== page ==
John Berrey, chairman of the Oklahoma-based Quapaw Tribe, says he hopes to have a permit for a casino in Pine Bluff by the end of April, to be “digging dirt” by June and to open a casino in Pine Bluff early in 2020.
I talked by phone with Berrey, whose tribe was a major underwriter of the campaign to pass Issue 4, which expands casino gambling at Oaklawn and Southland racetracks and authorizes permits for two new casinos in Jefferson and Pope County.
Some enabling legislation will be passed at the session beginning in January to put the new casino amendment into effect. But Berrey said the amendment was carefully written to limit legislative alterations. He said he hoped a permit application could be filed by April with the Racing Commission, which oversees casino gambling in Arkansas, and awarded by the end of the month. He said most of the regulation will pertain to auditing and other rules on gambling and accounting practices.
With a permit in place, Berrey said construction could begin in June. He said it took 10 months to build a casino the tribe operates in Joplin, Mo., a development that he said has been worth several billion in associated economic activity to that
He said the casino would offer all gambling options, including a sports book, but he said sports wagering was not a major focus of their operation because it has a
The Quapaw Tribe is a government, not a shareholder-owned corporation, Berrey emphasized. He said it would devote more to community development than a casino corporation driven strictly by the bottom line. “We’re about building communities,” he said. “Our goal is to make it a better place for people to live.”
The Cherokee tribe, another investor in the Issue 4 campaign, has been mentioned as a possible applicant for a permit in Pope County. But a local referendum there that was approved Tuesday calls for a vote before a casino can be built in that county. The state-approved amendment says only that a county judge or mayor’s approval is necessary. There’s some question, then, whether the local ordinance can add a vote requirement on the state amendment. That could require a court resolution.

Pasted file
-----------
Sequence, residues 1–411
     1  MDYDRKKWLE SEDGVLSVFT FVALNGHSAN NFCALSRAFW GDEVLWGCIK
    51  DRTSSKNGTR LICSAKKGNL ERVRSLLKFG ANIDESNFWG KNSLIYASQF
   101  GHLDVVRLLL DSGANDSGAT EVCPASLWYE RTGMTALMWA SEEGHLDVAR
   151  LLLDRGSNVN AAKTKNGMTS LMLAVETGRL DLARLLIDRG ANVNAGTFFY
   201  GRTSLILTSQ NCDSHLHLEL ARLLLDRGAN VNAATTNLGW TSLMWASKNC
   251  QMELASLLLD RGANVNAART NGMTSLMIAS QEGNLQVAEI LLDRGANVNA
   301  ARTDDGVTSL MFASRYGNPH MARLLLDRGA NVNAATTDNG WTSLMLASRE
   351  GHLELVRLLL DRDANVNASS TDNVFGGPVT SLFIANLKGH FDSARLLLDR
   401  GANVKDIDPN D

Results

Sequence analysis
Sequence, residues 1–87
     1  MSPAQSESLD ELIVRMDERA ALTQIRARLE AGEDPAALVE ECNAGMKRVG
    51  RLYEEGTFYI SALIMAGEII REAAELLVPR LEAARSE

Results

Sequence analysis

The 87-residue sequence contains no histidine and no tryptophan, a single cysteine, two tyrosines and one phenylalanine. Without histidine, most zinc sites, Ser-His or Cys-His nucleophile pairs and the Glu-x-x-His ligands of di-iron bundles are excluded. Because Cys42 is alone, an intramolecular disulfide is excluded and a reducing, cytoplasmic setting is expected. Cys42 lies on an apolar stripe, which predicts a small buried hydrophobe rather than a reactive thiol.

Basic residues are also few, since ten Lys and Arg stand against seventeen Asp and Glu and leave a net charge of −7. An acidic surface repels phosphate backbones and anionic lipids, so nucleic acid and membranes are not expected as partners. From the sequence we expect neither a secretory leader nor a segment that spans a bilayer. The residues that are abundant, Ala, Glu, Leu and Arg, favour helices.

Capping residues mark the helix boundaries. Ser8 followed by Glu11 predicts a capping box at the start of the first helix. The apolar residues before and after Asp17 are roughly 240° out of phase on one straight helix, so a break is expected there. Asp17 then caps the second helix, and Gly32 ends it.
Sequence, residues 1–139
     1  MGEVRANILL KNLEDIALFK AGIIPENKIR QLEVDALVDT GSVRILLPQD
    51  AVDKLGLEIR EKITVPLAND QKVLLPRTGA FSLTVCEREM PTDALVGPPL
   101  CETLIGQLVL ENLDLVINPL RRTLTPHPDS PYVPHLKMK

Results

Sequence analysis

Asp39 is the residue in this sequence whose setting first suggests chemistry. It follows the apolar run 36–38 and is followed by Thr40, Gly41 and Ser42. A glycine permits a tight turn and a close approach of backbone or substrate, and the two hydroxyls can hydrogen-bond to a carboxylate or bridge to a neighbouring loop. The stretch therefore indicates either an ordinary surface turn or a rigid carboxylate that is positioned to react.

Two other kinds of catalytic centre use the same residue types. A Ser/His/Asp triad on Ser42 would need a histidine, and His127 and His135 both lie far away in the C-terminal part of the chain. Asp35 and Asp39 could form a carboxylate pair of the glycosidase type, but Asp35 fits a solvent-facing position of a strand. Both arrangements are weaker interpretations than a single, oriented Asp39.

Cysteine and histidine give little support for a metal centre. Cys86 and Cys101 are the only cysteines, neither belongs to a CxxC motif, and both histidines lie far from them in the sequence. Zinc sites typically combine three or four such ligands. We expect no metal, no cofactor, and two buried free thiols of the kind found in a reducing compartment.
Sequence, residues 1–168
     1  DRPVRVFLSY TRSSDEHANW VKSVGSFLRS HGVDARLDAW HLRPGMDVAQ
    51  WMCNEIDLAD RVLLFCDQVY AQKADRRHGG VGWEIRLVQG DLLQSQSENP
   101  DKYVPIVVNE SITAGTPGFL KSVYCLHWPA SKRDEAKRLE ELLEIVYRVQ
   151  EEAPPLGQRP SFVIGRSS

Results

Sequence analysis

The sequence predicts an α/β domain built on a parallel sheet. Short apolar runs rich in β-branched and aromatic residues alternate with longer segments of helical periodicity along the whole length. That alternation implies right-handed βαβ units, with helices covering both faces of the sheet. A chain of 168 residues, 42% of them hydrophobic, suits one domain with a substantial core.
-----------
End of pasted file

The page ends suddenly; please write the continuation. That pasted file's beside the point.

Either way, Berrey said, “It would be a tough time to go in right now.” A potential casino developer there might have to do some public relations work first and sell potential economic benefits. Over time, for example, the nuclear reactor near Russellville will near the end of its life and possibility of new economic development
Speaking of politics: Berrey confirmed that federal law says that tribal land put in trust can be used for any type of gambling otherwise permitted elsewhere in the state. Thus, I asked, couldn’t that law be used should the Quapaw Tribe seek to have its land near the Little Rock Port designated trust land? Local officials have taken a number of steps to prevent the Quapaws from doing that after they acquired the land.
While confirming my understanding of the law, Berrey added, “Putting land into trust has become more and more difficult and political.” It requires